At the beginning of the last century, the cheapest drink you could get at an American bar was soda on tap. It was 2 cents for a plain soda water, and 3 cents for a soda with added flavor.
Flash forward a century, to the year 2014. Bartender George Bakos (a business administration graduate) has an unusual idea. He is going to make and bottle a 100% handmade pink grapefruit soda, to use in the classic Mexican cocktail Paloma. Just in case you’re not familiar with the regular duties of a bartender, making their own soft drinks is not one of them. Some make use of a soda siphon, but that’s as far as they’ll go.
Bakos takes it lot further, taking the zest from Greek grapefruits and heating it with sugar and water to make a syrup, and then adding carbonation. After several trials he succeeds in getting the taste just right, and starts to bottle it up. He makes just as much as he needs at the bar where he works, and to share with friends and guests.
At the time, Bakos’ friend and fellow bartender Dimitris Dafopoulos (who had studied marketing and communications) was working a second job at Granikal; a spirits and bar company owned by Vassilis Kalantzis. George soon joins the company.
Next to join the team is another bartender George Tsirkos (a computer science graduate), who has just returned from London.
The four friends know they want to work together, but not at yet another bar. They’ve worked at many bars, and seen enough of the scene both in Greece and abroad, to know what bartenders need. At some point the idea is sparked: “We could make premium soft drink mixers for use in bars”. It’s decided.
The first thing they did was come up with the name, “Three Cents”. Remember the American soda on tap?
New Year’s Bonanza
The trials begin. They narrow down the first few flavors, but the hard part is still ahead. Turning their ideas into reality won’t be easy.
Vassilis is an acquaintance of the Anastasopoulos family from Aigio. They’re the owners of the soft drink and soda company “Krinos” with a long history in the business. They get in touch and the first feelers lead to negotiations. The four friends reveal their idea of making soft drinks flavored with fruit zest and no juice. The new partners are skeptical. Soft drinks without juice? “All the aroma is in the zest,” they explain.
More experiments follow, and some unsuccessful trials, but eventually the factory owners are convinced, despite the uniqueness of the product and its limited production.
On December 17th, 2014, the first five soft drinks are ready for sale. Contrary to expectations, before the end of the year, they have sold 500 crates of Three Cents drinks; all in person, door to door, to fellow bartender friends.
To the best bars in the world
The guys are rocking it. Demand is high, and sales are growing exponentially. For 2017, total production is expected to reach 5.5 million bottles. 60% is already exported to 23 countries in Europe, Asia, and America, where they are gaining ground alongside the products of global giants. Some of the best bars in the world now mix cocktails with their artisanal soft drinks.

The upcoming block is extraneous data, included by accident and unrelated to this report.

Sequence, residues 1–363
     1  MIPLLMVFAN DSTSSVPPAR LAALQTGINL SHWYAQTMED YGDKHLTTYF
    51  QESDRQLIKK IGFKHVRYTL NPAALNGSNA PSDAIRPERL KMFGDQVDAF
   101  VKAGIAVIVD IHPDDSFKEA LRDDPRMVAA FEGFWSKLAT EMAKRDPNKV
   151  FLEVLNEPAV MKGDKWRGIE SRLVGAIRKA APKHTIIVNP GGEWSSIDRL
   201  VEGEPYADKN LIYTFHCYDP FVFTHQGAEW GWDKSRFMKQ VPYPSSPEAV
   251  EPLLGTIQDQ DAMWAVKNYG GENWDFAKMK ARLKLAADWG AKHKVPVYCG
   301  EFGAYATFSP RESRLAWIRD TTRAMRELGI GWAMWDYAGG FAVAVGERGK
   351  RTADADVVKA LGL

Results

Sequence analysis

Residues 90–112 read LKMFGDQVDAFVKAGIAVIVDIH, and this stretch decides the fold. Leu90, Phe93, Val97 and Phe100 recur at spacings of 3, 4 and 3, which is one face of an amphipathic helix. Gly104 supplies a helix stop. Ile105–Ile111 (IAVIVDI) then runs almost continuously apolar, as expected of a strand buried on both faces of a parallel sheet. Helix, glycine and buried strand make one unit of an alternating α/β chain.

How did they break into the international market? Again, initially with the help of friends and acquaintances working at bars abroad. Then others began to get wind of them, gaining the attention of well-respected websites that further spread the word. They also attended bar shows and exhibitions, showcasing their products, drumming up interest.
The secret behind Three Cents’ great success is the quality and the excellent flavors of their drinks. They are 100% natural, without preservatives, synthetic flavorings or colorings (only natural colorings are added). They are tasty and sweet – but not too sweet (made with sugar only; no artificial sweeteners), fragrant, and different from all the other products on the market.
At least they’re not like any other soft drinks I’ve ever tasted. They’re refreshing, and leave a sharp, almost burning feeling in your throat as you swallow; making your eyes water. They’re powerful, highly carbonated mixers meant to be paired and diluted with alcohol and ice. Made by bartenders, for bartenders. This was the original idea and their purpose. Of course they are now big sellers at retail outlets as well.
What’s different about them is that they don’t contain any fruit juice. The creators of Three Cents know that using juice would most likely require adding preservatives. In any case, the peel is where most of the fruit’s aromas are.
They use water from the springs of Rododafnis Aigiou and essential oils which they produce from the peel of Greek citrus fruits when they’re at their prime. They tried other essential oils, but couldn’t find any satisfying options ready on the market. Greek citrus fruits beat all others, they say.
They use mandarin and bergamot for the “Gentlemen’s Soda” (my favorite), grapefruit for the “Pink Grapefruit Soda” (their biggest hit), and lemon, lime, and bitter orange for the “Lemon Tonic”.
In the “Aegean Tonic” they pair the citrus fruits with Greek basil, mint, and cucumber. It’s amazing that a bitter drink can be so aromatic and refreshing! For the Ginger Beer they use ginger from India which is fermented, resulting in a strong, spicy flavor.